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Family Holiday Time: Not Always a "Hallmark" Moment

PHOTO: Holiday family gatherings can be fun, but also stressful. Mental-health experts say it's OK to pace yourself and even say 'no' to situations you know could be sources of conflict. Photo credit: Jeffery Beall/Flickr Creative Commons.
PHOTO: Holiday family gatherings can be fun, but also stressful. Mental-health experts say it's OK to pace yourself and even say 'no' to situations you know could be sources of conflict. Photo credit: Jeffery Beall/Flickr Creative Commons.
December 19, 2014

COLUMBUS, Ohio - While the holidays are a happy time for many, the stress associated with family obligations and dynamics can be the "lump of coal" in some people's Christmas stockings. According to the American Psychological Association, fatigue and stress are the top sources of negative feelings during this time of year.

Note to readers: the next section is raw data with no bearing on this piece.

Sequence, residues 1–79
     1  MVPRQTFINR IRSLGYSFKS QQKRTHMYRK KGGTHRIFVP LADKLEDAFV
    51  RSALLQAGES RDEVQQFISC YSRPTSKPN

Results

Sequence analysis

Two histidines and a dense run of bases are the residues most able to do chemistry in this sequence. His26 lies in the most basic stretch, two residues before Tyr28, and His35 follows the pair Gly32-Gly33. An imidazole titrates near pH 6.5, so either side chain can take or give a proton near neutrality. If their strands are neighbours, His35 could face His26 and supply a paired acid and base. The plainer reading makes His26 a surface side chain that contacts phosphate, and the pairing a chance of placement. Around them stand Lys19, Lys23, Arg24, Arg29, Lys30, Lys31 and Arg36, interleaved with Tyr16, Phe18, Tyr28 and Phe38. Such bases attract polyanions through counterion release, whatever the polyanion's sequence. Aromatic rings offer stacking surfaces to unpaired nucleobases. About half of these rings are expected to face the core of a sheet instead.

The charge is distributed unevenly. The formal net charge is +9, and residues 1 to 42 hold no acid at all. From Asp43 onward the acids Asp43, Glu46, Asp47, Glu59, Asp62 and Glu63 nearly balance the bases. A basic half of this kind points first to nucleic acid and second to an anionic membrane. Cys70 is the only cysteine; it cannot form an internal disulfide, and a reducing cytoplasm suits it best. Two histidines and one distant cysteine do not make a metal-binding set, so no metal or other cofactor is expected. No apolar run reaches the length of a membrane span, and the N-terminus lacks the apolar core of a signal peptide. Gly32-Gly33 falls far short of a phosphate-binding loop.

Clinical social worker and psychotherapist Lisa Ferentz says sometimes the best thing to do is simply not participate in a potentially stressful situation.

"Sometimes you have to give yourself permission to avoid family interactions that you know are going to be too painful, or that will set you up to be 'triggered' in some way," she says.

If you do feel compelled to see family or friends who can be a source of conflict, Ferentz advises limit time you spend, bring a friend to act as a buffer, and use your cell phone as an excuse for a break.

Ferentz says sometimes, the best relief is to break away from habits from the past by beginning a new tradition, or doing something for others.

"I encourage people to volunteer during this time of year," she says. "When you do things that kind of help you step outside of yourself and your own emotional upset, it gives you perspective about life. It also helps you to kind of reclaim a feeling of gratitude."

Ferentz says it's also important to avoid self-destructive behaviors like over eating or drinking too much and replace them with exercise or meditation.

Mary Kuhlman, Public News Service - OH